The stone bridge project left several laborers dead and injured, Patapsco River floods occasionally stopped the work and once a trestle collapsed, dropping granite loads into a millrace. The Thomas Viaduct was completed nonetheless and stands to this day, 174 years later - the country's oldest main line railroad span.
Trains have gotten bigger, heavier and longer, but still they roll over the eight granite arches heading north and south with freight and MARC passengers, wheels squealing through the river valley. It's an impressive sight, so much so that the viaduct's owner, CSX Corp., often uses the bridge to show off new engines in publicity photographs.
Yet, Patapsco Valley preservationists argue that for all its grandeur and historical significance, the viaduct built by the Baltimore and Ohio Railroad has been neglected. They hope to fix that by improving public access and historical interpretation, and to somehow get it done in time for the viaduct's 175th anniversary next July.
"Right now I would be embarrassed if I were the owner of this bridge and saw this condition," said John B. Slater, vice president of Friends of Patapsco Valley and Heritage Greenway, standing near the Avalon entrance to Patapsco Valley State Park and looking up at the viaduct, rising to 66 feet above the river, 704 feet across.
The original cast-iron railing alongside the tracks exists only in remnants on the south side and is missing entirely on the north. Near the top of one arch, a stone has shaken out and hangs there like a loose tooth.
The walls of the viaduct are streaked white from chemical deposits most likely washing out of the mortar. In some spots the mortar is gone entirely, leaving dark cracks tracing the stone. A few small trees have taken root in the walls.
"The look of it should be improved," Slater said. Slater, who runs a landscape architecture firm in Columbia, says he will recuse himself and his firm from working on the project if it is carried out. "This should be a shining jewel."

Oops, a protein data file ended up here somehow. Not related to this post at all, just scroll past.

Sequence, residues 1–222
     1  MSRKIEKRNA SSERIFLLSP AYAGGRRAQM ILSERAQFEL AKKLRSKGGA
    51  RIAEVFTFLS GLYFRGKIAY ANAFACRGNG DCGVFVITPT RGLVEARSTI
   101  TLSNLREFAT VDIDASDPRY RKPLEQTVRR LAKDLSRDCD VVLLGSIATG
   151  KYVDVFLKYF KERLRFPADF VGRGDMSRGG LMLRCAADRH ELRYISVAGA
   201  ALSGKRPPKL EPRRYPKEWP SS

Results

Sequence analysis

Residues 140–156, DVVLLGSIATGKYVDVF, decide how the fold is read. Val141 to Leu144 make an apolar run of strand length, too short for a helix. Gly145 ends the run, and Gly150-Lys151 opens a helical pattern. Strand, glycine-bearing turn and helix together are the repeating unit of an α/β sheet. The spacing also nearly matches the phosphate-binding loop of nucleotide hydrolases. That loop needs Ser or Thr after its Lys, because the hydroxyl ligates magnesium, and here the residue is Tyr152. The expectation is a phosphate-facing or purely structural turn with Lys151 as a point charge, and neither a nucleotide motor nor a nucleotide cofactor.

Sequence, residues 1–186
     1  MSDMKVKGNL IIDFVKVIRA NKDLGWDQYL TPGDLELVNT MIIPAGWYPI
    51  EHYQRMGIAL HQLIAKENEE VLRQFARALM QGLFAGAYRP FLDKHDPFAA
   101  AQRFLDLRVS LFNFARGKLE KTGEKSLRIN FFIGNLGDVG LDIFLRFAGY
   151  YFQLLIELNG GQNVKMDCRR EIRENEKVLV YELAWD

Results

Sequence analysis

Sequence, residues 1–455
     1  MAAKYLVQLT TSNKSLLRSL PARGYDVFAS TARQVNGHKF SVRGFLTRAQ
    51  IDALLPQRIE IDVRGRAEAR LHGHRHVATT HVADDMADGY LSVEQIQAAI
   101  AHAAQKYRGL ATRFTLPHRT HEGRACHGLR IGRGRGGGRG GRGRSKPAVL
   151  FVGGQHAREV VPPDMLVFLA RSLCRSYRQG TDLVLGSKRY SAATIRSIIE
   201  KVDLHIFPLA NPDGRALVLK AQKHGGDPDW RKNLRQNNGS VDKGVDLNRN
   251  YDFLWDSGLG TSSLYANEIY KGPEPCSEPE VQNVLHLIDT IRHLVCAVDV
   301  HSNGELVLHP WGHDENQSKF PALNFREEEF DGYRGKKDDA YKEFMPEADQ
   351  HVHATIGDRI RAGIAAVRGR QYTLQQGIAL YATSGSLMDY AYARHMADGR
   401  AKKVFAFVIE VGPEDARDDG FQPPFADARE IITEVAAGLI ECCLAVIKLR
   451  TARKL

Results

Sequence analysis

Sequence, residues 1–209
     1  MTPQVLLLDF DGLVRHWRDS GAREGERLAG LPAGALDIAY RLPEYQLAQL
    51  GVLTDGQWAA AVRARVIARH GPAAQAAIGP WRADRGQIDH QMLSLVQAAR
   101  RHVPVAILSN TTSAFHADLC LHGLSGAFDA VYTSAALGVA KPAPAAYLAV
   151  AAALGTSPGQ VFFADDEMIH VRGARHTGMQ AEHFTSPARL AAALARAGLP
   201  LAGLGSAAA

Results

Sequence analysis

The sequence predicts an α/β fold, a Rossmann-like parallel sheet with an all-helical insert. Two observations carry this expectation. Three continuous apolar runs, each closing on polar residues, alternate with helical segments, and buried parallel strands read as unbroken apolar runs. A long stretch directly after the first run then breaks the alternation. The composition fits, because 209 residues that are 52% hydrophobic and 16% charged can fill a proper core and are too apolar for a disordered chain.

His organization is troubled both by the condition of the viaduct itself and the presentation, which it feels poorly serves visitors and the structure, which is listed on the National Register of Historic Places and as a National Civil Engineering Landmark.
While two local volunteers have written to CSX urging the company to "do its part by repairing and maintaining" the structure itself, the Friends organization is backing a nearly $1.1 million plan to improve the site as a visitor attraction.
Slater said it appears most or all of the money would have to be raised from foundations and other private sources.
Steve McCoy, assistant park manager, said there's been only an informal review of the plan, but several agencies within the Department of Natural Resources would have to approve it. He said park officials are "supportive" of the project, but much will depend on how CSX responds.
McCoy said the state first has to establish the boundaries between CSX and park property. He said little can be done on the project "until we know where CSX is on this."
CSX lawyers responded last month to the volunteers' letter on the plan. They said that the viaduct is inspected annually and is safe, and that the company doesn't have money to "make any aesthetic improvements." The letter expressed concern that the renovations "would invite visitors to trespass near active tracks and impair safety."
In a phone interview, CSX spokesman Bob Sullivan underscored those points. Asked if CSX would object to site improvements if someone else paid for them, Sullivan said CSX would want to meet with park officials and others to discuss such a plan.
The proposal for "Thomas Viaduct Park" would add parking, lights and benches. It calls for clearing and paving an old walking path from the parking area through woods up to track level. The path would lead to a wooden deck built to resemble a train platform from which visitors would have a view of the full extent of the viaduct as it crosses the river from the Baltimore County to the Howard County side.
Fences would separate the platform from the tracks, and a fence is also planned to protect the commemorative obelisk next to the tracks.
The park would include presentations on the viaduct's history in addition to two displays near the parking area that were installed by the state about two years ago.
James D. Dilts, who has published a history of the B&O; Railroad, said additional displays could expand on the viaduct's architectural and engineering significance, as well as the stories of the laborers and of the young designer/engineer, Benjamin H. Latrobe Jr. The son of the architect famous for his work on the U.S. Capitol and the Baltimore Basilica was only 26 years old when he was assigned to build the viaduct. He developed some form of post-traumatic stress from the pressure of the task, Dilts said.